City Council Approves New Member Manual


Photo by Bryan Rubin, Photo editor

City Council listens to a resident share thoughts on the new council manual on Monday. Council hopes the manual will help orient new members and remind all members to remain constructive.

Eliza Guinn, Copy Editor

After two years of discord, City Council approved an orientation manual to help new members and promote a cooperative environment at their meeting Monday.

The manual covers the basics of Oberlin’s government and recommends how to best have productive meetings. The idea came from Councilmember Sharon Pearson, who believes it will improve overall communication and effectiveness in council.

“I think it will help us in our efforts to work as a team with respect,” Pearson said. “It will serve as a baseline from which all council-members can work.

Law Director Jon Clark clarified that the manual will not be required at every meeting, but will be more of a guide for new members and to get discussions back on track.

“This is not a set of rules that council is required to follow or for which there would be any adverse consequences if some of the suggestions in the manual were not followed,” Clark said.

According to Clark and Council-member Bryan Burgess, there was very little opposition to the manual, which was easily passed at the meeting following a few typographical corrections.

City Council decided to create the manual during a retreat in Feb- ruary 2015, following a tense period when multiple councilmembers asked former City Manager Eric Norenberg to resign. This August, City Council was unable to come to consensus on who to hire as Norenberg’s replacement, causing the city manager search process to start over again.

Aside from helping council be more effective in meetings, the manual is also a way to orient new members for their various duties. Vice President of Council Linda Slocum said she wishes something like the handbook existed last year when she had just begun serving on council and had trouble recalling all the logistics.

“As a new councilmember, I found there was more of a learning curve related to protocol and procedures than I had anticipated,” Slocum wrote in an email to the Review. “The Clerk of council provided an informative orientation session with new members and gave us pertinent documentation at that time. The Council Orientation Handbook reinforces a lot of what we learned then and fills in some of the gaps.”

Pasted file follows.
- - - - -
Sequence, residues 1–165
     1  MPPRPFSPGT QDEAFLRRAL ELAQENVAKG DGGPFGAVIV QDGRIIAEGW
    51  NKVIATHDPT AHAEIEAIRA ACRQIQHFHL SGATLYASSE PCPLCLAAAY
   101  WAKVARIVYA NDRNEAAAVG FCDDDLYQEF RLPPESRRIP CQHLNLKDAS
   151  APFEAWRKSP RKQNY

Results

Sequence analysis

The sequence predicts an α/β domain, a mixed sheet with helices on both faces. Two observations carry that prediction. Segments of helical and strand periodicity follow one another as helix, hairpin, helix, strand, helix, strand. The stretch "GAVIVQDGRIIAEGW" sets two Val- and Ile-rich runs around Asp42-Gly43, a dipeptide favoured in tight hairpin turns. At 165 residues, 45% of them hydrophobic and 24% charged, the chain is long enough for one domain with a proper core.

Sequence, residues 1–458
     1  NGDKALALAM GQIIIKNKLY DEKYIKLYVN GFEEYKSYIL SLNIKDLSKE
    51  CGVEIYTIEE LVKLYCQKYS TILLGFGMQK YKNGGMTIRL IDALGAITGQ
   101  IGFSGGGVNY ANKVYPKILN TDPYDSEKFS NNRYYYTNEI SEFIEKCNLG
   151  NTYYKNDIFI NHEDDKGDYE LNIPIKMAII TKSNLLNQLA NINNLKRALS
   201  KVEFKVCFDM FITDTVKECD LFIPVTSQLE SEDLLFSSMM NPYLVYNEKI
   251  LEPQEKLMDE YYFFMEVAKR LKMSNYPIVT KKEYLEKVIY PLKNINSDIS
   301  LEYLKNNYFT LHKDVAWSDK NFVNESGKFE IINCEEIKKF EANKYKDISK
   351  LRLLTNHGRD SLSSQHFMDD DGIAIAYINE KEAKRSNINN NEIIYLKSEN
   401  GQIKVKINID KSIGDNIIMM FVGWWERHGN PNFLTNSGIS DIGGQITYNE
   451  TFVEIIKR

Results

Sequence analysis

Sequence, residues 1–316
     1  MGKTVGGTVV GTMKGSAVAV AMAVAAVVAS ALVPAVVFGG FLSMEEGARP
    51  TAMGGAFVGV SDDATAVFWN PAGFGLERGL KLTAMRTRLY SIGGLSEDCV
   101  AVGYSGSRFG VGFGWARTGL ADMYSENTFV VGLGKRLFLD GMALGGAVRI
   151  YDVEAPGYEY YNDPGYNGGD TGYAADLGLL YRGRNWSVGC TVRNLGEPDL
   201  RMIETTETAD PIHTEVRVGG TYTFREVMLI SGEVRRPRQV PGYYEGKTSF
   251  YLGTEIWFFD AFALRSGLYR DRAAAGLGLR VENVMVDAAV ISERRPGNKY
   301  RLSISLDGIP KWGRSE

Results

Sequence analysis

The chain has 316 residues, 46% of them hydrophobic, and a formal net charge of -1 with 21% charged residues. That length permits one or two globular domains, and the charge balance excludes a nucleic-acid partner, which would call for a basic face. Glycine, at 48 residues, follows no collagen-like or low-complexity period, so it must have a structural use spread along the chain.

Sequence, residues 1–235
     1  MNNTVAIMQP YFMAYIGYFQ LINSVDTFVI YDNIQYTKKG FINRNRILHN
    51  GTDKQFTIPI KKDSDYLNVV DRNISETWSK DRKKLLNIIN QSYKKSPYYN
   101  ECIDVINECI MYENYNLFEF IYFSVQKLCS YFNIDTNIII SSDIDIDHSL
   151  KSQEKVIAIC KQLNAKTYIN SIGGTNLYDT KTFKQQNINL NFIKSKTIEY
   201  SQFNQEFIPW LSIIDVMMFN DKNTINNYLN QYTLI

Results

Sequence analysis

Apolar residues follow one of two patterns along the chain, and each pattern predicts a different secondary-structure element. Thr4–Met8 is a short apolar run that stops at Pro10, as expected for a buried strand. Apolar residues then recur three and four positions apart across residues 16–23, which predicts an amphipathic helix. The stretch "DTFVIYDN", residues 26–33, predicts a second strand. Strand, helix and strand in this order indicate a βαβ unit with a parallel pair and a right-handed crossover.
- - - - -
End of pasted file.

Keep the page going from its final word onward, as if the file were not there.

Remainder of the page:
New Councilmember Kelley Singleton agreed and emphasized the guide’s importance for those who might be considering joining City Council.

“I feel this could be very useful for someone who is contemplating running for election,” Singleton wrote in an email to the Review. “These are all things you should know before taking office in Oberlin. This does not take the place of attending meetings and talking to people before Election Day to prepare you for serving but can easily go hand in hand with that to make you a better leader of the city.”

The manual includes information on the actual the legal powers possessed by council, the chain of command in city government and repeated requests to “avoid rancor and bitterness.”

Prior to this manual, City Council wrote a list of rules approximately 10 years ago, but it didn’t thoroughly explain their procedures, which sometimes led to confusion and a feeling that newer members did not have an input in council’s inner workings. Pearson said there were many unwritten precedents that new councilmembers were excluded from.

“Something I hear a lot is ‘We’ve always done it this way,’” she said. “But where is it written down?”

In her first year on City Council, Pearson said she often experienced challenges like not knowing how to pass an urgent proposal or a general lack of understanding of how meetings were supposed to progress. Pearson said she hopes the manual will prevent this type of confusion in the future.

Councilmember Sharon Fairchild-Soucy also supported the manual and said it would be an important reference to ensure opposing views in meetings are respected.

That theory will face an early test this week as the controversial city manager search resumes. Recruiter Heidi Voorhees will discuss possible candidates for the city manager position with the council Wednesday. The city has gone 10 months without a permanent city manager.

However, the John F. Kennedy quote at the end of the manual indicates that the council is trying to turn the page: “Let us not seek to fix the blame for the past. Let us accept our own responsibility for the future.”